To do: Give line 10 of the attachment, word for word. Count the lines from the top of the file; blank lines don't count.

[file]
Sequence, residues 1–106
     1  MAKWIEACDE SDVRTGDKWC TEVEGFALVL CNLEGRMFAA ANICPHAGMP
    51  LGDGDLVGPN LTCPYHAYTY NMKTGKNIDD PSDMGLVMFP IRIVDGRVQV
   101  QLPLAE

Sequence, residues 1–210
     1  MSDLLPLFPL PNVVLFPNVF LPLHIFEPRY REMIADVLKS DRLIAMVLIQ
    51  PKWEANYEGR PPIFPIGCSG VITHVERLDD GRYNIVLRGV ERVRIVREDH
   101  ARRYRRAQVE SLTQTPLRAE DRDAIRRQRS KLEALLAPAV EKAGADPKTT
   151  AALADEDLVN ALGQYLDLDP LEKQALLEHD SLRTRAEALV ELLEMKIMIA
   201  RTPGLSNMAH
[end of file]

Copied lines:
   201  RTPGLSNMAH